Message from discussion US Air phish
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Date: Sat, 07 Apr 2012 11:04:17 -0700
From: Thane <m...@ix.netcom.com>
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Subject: Re: US Air phish
References: <taGdnfu-2aBfNOTSnZ2dnUVZ_qednZ2d@earthlink.com> <4F79DEBD.4AC5D831@Guy.com> <yeidnT6HYfj0iuLSnZ2dnUVZ_r2dnZ2d@earthlink.com> <4F7F314D.96E53ED6@Guy.com> <email@example.com> <HrGdnU8BjONvAeLSnZ2dnUVZ_o2dnZ2d@inch.com> <4F7FB5FA.464B9330@Guy.com> <QeidnckO2pzsxR3SnZ2dnUVZ_sadnZ2d@earthlink.com> <4F80696D.91EFCEC1@Guy.com>
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Spam Guy wrote:
> These exploits fall over when they hit a win-98 system. They're trying
> to attach themselves to services or perform calls that only work on
> NT-based systems (2k, xp, etc).
> It's quite funny to watch in action.
> Win-9x/me was always inherently more secure (from these sorts of
> web-based exploits) than the NT line was. Whether that was because of
> design simplicity, or just dumb luck, I don't know.
> What I do know is that foisting XP onto the home/soho market back in
> late 2001 as a replacement to win-ME was a really really bad idea. XP
> (and it's successors) is an unnecessarily complicated and over-designed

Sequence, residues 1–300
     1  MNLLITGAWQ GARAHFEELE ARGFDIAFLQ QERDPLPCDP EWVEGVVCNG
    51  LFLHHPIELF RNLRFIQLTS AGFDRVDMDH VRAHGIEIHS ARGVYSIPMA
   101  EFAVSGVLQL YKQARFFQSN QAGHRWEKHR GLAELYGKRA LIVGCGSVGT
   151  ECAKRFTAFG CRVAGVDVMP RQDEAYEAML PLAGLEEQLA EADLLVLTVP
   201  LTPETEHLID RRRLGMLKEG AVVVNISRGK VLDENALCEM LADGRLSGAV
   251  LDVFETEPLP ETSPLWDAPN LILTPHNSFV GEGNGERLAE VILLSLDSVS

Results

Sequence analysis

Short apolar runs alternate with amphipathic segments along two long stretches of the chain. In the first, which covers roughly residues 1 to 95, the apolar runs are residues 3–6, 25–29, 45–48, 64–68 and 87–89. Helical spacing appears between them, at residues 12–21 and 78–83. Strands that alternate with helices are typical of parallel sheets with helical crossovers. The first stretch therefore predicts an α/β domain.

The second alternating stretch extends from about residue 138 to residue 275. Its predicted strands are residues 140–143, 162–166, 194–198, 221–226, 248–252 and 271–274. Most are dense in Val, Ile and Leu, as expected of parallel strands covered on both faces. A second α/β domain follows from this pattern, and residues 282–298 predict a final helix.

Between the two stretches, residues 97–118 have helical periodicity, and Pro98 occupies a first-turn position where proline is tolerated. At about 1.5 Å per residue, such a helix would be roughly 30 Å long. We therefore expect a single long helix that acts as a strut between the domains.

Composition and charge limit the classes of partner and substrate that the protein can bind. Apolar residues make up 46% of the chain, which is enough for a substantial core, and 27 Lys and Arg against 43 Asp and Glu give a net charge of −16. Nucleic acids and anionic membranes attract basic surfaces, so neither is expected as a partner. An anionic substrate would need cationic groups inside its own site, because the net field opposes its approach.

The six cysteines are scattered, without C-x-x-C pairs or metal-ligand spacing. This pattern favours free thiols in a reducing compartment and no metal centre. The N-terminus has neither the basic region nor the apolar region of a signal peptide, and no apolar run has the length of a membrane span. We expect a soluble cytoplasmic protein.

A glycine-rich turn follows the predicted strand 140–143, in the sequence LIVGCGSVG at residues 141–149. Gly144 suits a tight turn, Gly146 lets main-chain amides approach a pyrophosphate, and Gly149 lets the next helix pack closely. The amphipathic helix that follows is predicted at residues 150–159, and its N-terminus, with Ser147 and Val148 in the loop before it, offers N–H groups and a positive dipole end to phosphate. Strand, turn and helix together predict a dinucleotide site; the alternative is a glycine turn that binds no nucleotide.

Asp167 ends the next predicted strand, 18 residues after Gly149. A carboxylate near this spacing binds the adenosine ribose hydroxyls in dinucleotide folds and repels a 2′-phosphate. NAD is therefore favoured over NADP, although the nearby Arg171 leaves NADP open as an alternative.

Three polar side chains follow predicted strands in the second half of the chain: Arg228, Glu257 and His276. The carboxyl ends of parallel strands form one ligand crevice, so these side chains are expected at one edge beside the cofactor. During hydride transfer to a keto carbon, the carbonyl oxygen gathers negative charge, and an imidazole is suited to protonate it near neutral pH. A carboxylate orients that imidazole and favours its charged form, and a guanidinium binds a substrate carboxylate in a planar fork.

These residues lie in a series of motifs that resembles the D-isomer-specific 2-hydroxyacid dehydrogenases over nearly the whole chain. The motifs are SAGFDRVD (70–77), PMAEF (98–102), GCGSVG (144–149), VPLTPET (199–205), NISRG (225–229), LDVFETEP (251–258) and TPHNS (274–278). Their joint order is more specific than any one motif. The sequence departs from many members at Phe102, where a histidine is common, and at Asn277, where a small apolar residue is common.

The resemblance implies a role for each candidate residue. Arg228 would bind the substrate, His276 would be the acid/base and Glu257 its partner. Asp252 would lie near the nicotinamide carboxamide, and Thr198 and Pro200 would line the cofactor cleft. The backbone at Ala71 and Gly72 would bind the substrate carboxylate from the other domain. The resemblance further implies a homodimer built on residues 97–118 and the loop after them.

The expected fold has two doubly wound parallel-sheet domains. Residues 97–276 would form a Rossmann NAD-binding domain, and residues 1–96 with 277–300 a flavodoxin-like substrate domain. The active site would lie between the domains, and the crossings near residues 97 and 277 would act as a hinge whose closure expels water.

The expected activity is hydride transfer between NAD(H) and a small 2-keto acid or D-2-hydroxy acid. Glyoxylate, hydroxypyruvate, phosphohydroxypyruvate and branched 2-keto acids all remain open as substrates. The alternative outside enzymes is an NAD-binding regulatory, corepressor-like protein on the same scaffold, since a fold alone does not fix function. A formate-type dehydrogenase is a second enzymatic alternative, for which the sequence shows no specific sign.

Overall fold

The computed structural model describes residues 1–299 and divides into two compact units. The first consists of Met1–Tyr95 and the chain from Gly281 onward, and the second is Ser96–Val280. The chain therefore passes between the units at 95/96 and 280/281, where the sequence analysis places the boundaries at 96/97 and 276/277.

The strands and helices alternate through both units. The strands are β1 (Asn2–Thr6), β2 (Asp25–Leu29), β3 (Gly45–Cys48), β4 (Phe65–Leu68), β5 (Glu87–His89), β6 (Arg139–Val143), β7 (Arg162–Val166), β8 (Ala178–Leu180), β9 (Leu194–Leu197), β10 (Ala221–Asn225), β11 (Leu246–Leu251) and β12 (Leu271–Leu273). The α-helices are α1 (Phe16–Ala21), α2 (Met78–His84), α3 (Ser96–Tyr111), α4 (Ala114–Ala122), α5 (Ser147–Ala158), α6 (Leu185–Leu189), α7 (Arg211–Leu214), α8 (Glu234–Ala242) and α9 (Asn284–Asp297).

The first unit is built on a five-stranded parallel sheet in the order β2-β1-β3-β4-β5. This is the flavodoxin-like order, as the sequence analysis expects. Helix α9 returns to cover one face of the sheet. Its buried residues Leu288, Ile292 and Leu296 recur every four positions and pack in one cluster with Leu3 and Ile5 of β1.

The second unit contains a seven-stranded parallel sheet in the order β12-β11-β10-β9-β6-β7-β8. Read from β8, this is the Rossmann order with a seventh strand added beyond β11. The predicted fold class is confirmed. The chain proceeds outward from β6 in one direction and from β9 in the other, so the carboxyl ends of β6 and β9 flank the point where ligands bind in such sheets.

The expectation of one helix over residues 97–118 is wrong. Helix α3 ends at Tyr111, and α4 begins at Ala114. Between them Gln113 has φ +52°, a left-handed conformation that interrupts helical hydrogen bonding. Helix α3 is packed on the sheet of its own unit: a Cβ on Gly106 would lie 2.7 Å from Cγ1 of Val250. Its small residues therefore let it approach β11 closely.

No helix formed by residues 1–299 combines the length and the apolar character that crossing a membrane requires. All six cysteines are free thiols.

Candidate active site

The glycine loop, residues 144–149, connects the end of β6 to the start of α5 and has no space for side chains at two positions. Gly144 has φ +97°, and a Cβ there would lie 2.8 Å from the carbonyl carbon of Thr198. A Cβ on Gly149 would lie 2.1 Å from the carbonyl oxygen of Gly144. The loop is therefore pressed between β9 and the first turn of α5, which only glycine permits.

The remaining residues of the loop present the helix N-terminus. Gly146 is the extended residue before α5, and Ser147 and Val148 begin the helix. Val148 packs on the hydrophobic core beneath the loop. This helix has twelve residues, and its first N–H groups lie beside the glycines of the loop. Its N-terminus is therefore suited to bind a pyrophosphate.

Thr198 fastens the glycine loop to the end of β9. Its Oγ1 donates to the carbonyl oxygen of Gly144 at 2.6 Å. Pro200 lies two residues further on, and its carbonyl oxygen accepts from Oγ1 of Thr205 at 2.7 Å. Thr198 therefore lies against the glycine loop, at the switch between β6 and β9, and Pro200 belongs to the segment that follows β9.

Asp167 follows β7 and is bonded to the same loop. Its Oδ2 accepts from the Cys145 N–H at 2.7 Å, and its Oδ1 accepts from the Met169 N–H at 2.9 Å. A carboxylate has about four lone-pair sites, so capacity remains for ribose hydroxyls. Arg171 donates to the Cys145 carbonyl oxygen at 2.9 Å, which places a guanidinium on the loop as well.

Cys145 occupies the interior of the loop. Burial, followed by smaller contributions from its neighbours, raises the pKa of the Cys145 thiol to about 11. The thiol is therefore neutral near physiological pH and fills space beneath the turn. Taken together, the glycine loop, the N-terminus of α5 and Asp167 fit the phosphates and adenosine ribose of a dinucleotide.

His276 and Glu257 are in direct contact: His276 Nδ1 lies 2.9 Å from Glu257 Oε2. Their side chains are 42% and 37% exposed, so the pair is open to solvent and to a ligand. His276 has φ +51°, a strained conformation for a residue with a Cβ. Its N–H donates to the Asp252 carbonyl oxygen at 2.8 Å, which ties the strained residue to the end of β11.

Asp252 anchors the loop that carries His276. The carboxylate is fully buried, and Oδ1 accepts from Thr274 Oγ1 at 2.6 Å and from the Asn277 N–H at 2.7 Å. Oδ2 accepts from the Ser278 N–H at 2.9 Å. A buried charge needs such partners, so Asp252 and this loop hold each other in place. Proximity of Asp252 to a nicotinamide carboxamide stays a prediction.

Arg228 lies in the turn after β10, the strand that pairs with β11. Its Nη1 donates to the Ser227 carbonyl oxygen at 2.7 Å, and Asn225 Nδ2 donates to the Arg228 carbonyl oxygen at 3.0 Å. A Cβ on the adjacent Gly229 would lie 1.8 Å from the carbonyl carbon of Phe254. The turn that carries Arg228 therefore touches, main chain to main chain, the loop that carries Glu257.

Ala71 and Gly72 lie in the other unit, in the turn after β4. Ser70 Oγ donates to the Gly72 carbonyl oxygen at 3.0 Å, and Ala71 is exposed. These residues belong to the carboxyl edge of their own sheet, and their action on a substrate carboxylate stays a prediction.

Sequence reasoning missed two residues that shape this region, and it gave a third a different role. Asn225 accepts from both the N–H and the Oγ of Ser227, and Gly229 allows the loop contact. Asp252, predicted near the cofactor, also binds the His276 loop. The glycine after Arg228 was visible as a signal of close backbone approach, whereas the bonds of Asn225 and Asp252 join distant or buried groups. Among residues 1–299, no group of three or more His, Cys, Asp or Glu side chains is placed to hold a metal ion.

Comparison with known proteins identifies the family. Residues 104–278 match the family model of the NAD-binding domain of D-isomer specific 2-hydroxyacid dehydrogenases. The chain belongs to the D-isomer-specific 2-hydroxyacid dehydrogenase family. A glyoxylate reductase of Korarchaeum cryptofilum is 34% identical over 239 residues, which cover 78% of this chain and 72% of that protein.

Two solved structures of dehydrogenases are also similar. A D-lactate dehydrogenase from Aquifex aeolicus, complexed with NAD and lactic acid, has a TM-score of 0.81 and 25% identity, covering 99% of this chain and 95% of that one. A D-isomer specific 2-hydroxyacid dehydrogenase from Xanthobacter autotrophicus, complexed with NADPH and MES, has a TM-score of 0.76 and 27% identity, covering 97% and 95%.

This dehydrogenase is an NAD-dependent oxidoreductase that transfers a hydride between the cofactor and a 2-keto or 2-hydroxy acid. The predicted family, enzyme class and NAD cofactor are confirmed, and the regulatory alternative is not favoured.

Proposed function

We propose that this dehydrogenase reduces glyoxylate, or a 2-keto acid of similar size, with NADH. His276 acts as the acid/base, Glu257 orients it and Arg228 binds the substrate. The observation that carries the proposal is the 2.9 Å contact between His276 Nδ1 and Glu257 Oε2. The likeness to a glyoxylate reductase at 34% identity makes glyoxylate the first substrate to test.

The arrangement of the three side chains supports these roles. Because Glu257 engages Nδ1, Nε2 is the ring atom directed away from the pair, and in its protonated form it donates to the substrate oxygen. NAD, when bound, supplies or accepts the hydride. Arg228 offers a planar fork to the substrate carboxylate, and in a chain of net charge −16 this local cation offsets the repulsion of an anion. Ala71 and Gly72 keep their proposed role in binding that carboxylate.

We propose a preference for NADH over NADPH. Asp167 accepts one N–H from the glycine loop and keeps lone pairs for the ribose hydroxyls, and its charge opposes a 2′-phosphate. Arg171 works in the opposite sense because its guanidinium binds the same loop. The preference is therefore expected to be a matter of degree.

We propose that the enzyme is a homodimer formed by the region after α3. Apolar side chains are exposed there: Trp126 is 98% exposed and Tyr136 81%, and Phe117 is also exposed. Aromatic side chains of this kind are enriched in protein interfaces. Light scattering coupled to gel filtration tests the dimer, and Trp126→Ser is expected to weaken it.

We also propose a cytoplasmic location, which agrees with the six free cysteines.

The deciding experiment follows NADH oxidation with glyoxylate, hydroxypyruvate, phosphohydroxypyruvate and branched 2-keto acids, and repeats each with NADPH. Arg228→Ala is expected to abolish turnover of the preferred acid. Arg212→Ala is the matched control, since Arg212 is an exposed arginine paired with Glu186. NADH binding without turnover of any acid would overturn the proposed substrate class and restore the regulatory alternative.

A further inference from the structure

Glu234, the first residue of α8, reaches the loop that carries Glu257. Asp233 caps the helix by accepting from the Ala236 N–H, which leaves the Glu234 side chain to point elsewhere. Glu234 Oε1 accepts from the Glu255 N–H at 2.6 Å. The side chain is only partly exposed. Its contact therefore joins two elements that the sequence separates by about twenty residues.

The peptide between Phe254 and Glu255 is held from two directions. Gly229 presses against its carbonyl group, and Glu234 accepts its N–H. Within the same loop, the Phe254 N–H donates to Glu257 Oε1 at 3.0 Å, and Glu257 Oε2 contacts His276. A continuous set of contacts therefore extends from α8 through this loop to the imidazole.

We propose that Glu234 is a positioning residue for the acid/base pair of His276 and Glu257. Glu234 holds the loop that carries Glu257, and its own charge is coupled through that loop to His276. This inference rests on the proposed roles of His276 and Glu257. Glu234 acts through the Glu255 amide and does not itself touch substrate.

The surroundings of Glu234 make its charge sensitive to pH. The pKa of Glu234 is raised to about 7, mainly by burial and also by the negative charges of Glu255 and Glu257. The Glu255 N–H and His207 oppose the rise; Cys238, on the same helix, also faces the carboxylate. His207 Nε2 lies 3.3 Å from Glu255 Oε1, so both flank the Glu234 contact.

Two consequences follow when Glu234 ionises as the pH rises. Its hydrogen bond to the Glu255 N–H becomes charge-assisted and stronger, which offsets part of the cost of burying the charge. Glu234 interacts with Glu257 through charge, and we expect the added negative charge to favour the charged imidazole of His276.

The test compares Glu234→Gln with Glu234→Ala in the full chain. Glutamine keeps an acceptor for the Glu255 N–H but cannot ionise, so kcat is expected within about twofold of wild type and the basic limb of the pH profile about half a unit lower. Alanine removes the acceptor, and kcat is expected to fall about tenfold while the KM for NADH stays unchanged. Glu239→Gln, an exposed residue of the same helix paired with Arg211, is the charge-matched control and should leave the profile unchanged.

> and over-managed OS for the home and soho market. XP was an incredibly
> vulnerable during the first 4 or 5 years of it's life. It's the reason
> why the spam and botnet phenomena became commercially viable.
> Look at the what - 5 or 6 different network worms that have been
> discovered over the past 10 years. You connect a win-2k or XP system to
> the net and do nothing and within 30 minutes your system is hacked (look
> up "Internet Survival Time").
> Do the same with a win-98 system (right out of the box, no updates or
> patches applied) and guess what - nothing happens.
Win98 was good in many simple ways such as those you suggest. If I
remember M$ was just trying to improve on Win95 and convince users to
shell out more $ for more features. I was in a WIn95 world at $dayjob at
that time and the consensus was not to upgrade. We stuck with NT except
for Win95 on desktop and laptops.
XP was the break to 'greater security.' :-( if I remember. The first
versions had the cutesy factors but some major problems with security.
So many exploits, so little time.
Fast forward to now, we've seen growth of botnets as you say. How much
of this was not just the Win OS but also the plague of 'IE security'?
My choice in recent years having seen the 'new' M$ offerings in Vista
and the Office 2007 debacle, to try linux as a parallel environment. It
has many pluses and one of which is the price and then the ability to
upgrade some of my old hardware which would have otherwise had gone to
the recycling center.
For some of the rogue site work, the native unix commands are pretty
handy. Not having a unix neckbeard, I'm a newbie in this, but a little
knowledge sometimes is a dangerous thing.
Anyway, to each his (or her) own.